Textile Factory - Donaldson & McNeill/Fayetteville Manufacturing Company
Builder: Henry A. Donaldson 1824 - 1826
Built: Fayetteville, NC
Owners: Henry A. Donaldson & George McNeill, 1824 until 1829, when the General Assembly chartered the Fayetteville Manufacturing Company, owned by Donaldson and others (see below).
Specifications: By June 1826, the three-story, frame factory had been
completed with up to 1,200 spindles operating. The firm employed 20 to 50 people. The mill was located on Cross Creek.
Notes: Henry A. Donaldson designed and co-owned a cotton
mill in Fayetteville, NC, apparently with George McNeill. As was
typical with many early operations, the construction and
operations were phased in over a period of time.
   The factory (apparently referred to the November 1824 ad at right) was in some limited operation in late 1824. As was common in those days, production often began on some basis, even before the mill was completed. Selling through local merchant Hugh McLaurin, the factory was referred to by different names — the Donaldson Factory, the Donaldson & McNeill Factory, the Fayetteville Cotton Factory and then the Fayetteville Manufacturing Company.
   Henry A. Donaldson was the chief promoter of the Fayetteville Manufacturing Company, incorporated by the General Assembly of 1828-29 on January  7, 1829. Donaldson had previously designed Battle's Mill,  which later became the Rocky Mount Mills, as well as this mill in Fayetteville with partner George McNeill.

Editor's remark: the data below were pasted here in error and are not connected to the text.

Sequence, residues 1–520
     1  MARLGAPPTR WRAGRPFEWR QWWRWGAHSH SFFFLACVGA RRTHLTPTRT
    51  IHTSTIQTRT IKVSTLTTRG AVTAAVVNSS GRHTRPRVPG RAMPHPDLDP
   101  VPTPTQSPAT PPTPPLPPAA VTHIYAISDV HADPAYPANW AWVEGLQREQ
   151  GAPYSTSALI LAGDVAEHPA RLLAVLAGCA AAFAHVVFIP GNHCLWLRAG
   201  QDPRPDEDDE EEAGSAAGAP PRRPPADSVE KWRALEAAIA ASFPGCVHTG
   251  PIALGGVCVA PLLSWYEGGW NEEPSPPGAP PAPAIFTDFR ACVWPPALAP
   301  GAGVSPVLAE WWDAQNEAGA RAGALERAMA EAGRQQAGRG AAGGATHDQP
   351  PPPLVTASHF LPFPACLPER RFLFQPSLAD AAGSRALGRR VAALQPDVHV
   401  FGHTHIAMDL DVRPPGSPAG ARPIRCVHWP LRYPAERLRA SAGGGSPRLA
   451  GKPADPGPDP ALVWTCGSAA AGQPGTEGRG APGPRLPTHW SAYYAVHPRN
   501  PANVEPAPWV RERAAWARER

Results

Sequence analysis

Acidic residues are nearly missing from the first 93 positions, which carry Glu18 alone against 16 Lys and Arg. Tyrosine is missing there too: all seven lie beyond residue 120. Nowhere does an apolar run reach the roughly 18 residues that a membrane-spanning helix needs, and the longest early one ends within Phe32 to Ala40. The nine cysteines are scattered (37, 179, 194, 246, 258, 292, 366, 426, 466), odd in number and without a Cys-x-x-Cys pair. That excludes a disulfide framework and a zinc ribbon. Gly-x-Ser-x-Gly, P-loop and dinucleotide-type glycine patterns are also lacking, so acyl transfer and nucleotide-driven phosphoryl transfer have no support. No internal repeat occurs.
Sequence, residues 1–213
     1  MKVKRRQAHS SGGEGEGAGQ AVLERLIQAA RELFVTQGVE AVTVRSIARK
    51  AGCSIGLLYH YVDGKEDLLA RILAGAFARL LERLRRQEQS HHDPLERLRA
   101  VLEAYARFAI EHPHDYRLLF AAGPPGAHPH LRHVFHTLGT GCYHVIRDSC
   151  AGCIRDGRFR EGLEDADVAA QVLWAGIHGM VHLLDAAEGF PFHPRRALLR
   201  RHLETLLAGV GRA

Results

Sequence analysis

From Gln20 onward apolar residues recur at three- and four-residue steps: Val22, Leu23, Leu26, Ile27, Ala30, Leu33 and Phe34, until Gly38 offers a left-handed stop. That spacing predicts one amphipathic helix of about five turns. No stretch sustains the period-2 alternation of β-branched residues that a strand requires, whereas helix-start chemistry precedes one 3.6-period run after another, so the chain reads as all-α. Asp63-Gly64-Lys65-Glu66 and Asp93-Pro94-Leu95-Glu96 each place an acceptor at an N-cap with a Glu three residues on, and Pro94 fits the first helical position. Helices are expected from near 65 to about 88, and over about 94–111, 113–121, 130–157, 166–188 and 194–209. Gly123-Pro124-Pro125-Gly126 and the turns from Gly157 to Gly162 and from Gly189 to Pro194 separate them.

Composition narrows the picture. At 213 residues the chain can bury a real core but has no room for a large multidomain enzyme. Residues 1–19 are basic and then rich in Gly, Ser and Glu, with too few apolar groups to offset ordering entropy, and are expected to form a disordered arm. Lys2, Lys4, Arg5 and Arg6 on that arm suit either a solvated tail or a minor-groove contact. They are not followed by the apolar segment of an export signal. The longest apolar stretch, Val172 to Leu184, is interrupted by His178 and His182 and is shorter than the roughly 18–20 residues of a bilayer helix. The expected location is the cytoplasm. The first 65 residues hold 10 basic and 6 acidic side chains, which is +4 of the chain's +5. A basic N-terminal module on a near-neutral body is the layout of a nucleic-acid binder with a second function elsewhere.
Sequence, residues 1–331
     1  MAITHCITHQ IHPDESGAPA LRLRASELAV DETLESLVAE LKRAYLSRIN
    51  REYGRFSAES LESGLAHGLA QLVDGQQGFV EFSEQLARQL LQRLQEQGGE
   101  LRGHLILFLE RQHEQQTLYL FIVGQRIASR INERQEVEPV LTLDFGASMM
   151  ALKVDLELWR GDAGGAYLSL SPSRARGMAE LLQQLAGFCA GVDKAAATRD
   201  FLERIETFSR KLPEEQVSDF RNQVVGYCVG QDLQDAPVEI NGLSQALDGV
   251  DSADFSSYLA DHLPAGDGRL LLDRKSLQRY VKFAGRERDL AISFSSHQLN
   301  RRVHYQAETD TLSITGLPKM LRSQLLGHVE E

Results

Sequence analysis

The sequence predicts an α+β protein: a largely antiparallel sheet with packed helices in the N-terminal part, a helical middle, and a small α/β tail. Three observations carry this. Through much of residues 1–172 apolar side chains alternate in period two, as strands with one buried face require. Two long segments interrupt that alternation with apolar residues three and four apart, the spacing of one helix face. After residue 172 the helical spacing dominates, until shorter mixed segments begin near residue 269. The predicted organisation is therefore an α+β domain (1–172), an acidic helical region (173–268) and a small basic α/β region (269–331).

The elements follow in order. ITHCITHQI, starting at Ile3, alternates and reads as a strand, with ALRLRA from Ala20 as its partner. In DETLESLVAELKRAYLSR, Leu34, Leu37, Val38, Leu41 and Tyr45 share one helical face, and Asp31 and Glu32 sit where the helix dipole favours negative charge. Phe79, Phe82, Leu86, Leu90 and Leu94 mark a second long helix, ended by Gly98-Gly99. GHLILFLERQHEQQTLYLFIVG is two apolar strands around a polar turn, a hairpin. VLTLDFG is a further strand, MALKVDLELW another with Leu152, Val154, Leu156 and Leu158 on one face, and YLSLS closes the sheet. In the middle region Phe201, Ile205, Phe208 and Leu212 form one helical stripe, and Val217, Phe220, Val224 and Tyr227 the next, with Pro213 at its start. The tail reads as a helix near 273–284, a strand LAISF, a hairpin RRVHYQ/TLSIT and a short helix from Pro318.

In the push to incorporate numerous businesses, the General Assembly authorized the formation of the Fayetteville Manufacturing Company with capital stock to be more than $10,000 and less than $50,000. The company was authorized to manufacture cotton, hemp, wool and flax.
   Subscriptions to stock were to be received by Henry A. Donaldson, Louis D. Henry, John Kelly, Hugh McLaurin, Jesse Birdsall and John M. Dobbin. Whether this company became active as a separate entity or simply was a device to operate and expand the existing mill is not known.
   The factory was idled sometime in the early 1830s, perhaps as a result of a devastating fire that burned much of Fayetteville on May 29, 1831. The property was sold to Greensboro(ugh) textile factory owner Henry Humphreys in 1834. But by 1836, Humphreys still had not installed new equipment or reopened the existing Fayetteville facility. 
   In April or May 1837, two Guildford men, operating as Benbow & Company, bought the mill facility from Humphreys. The mill apparently reopened in late 1837 as the Cross Creek Mill incorporated in 1841 as the Cross Creek Manufacturing Company.

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